Victorian Parasites

A blog about Parasites, Science, and Popular Culture

Comic Books, Astral Planes, and ‘Strange’ Biology.

Recently I watched Marvel’s Dr Strange, which stars Benedict Cumberbatch as a gifted and ambitious surgeon who suffers devastating neurological damage to his hands in a car accident. With an almost complete loss of dexterity, Stephen Strange is barely able to write his own name, never mind perform intricate surgical procedures. His life’s work and passion are suddenly rendered alien to him and he spectacularly fails to cope with the consequences. Finding no solution in modern Western medicine, he travels to Kathmandu, Nepal, to search of ‘Kamar-taj’—a fictional enclave. There he meets ‘the Ancient One’, a sorcerer who eventually agrees to train him in the mystic arts under the auspices of curing his condition. Their first conversation cleverly depicts the tensions between modern and traditional forms of medicine. Strange has heard that the Ancient One cured a paraplegic, allowing him to walk again. He asks her how it was done.

SS: “How did you correct a complete C7, C8 spinal cord injury?”
AO: “I didn’t correct it, He couldn’t walk, I convinced him that he could.”
SS: “Your not suggesting that it was psychosomatic?”
AO: “When your reattach a severed nerve is it you who heals it or the body?”
SS: “It’s the cells.”
AO: “And the cells are only programmed to put themselves back together in very specific ways.”
SS: “Right.”
AO: “What if I told you that your own body could be convinced to put itself back together in all sorts of ways?”
SS: “You’re talking about cellular regeneration! That’s leading edge medical tech, is that why your working here without a governing medical ward? Just how experimental is your treatment?”
AO: “Quite.”
SS: “So you figured out a way to reprogram nerve cells to self heal?”
AO: “No Mister Strange, I know how to reorient the spirit. To heal your body.”

Here Strange tries to understand the mystic arts by translating them into western medical language. The implication here is that what might be termed by some people ‘magic’, is simply yet to be fully articulated by modern medicine. However, when the Ancient One makes it clear that her ‘treatment’ relies on a more holistic understanding of the body, he can no longer accept its veracity, despite having seen it with his own eyes. “I don’t believe in fairytales about chakras or energy or the power of belief,” he responds, and she is forced to resort to pushing his astral form out of his physical form in a bid to prove to him that the spirit exists. He quickly rationalises this as an effect of the psychedelic tea he assumes she has given him. She then sends him reeling into the many time-and-space-bending dimensions of the multiverse, to which he returns visibly disturbed and begging to be taught.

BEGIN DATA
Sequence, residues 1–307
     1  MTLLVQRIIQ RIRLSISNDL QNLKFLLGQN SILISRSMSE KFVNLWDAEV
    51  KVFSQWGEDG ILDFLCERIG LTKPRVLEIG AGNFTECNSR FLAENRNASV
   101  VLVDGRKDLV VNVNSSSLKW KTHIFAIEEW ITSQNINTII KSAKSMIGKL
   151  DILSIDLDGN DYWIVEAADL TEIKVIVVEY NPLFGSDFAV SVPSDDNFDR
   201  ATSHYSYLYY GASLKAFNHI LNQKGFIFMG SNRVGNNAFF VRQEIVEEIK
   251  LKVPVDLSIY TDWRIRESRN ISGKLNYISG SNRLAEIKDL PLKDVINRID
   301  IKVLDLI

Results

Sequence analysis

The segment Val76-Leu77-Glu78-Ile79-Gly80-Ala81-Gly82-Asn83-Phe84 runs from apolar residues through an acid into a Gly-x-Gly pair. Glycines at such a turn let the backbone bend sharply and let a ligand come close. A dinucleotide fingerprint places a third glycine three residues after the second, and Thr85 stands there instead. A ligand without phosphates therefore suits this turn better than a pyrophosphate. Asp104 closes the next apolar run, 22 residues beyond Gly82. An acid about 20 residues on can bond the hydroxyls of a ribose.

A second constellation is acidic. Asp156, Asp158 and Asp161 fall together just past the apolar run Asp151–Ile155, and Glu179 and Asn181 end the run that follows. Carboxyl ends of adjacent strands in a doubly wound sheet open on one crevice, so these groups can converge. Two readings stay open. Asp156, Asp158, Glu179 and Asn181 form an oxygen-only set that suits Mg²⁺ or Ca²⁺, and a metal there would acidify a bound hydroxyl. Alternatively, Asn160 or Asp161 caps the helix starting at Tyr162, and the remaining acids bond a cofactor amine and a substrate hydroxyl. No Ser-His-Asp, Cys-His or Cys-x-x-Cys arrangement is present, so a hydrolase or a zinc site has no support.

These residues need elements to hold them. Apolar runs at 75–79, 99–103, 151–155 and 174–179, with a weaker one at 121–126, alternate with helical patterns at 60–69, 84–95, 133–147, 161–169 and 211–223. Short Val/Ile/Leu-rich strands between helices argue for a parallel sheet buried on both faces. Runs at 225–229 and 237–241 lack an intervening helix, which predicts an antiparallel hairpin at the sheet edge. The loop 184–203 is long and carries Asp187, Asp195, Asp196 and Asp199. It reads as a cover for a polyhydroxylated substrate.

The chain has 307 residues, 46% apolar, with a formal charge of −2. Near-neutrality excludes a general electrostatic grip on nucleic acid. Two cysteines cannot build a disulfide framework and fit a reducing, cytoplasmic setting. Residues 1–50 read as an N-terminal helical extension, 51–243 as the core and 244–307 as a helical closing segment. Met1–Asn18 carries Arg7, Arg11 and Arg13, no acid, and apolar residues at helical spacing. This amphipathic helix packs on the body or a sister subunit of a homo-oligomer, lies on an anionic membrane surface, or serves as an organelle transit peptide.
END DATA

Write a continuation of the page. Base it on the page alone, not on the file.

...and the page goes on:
This significant exchange underpins the entire film, in which Strange must learn that his own knowledge is not absolute, and critically, that ‘it’s not about [him].’ ’You’re a man looking at the world through a keyhole. You’ve spent your life trying to widen it,’  asserts the Ancient One, and yet when presented with this widened view, he is dismissive and closed minded. Given the tone of the rest of the film, this seems like a striking indictment of the dismissal of traditional forms of medicine by the western world. Dr. Strange bullishly insists on maintaining his title, correcting enemies mid-fight when they mistakenly call him Mr. For Strange, his medical education is part of his social identity, and his subsequent introduction into the world of the mystic is predicated on these same lines. When baffled by his inability to master sorcery, the Ancient One reveals that the methodologies of both are the same. “How did you become a doctor?” she asks. “Study and practice, years of it,” replies Strange. Although much of the film is really about manipulating time and space—or as the members of Kamar-Taj explain: harnessing energy to shape reality—the basic theme of completing systems of knowledge persists throughout.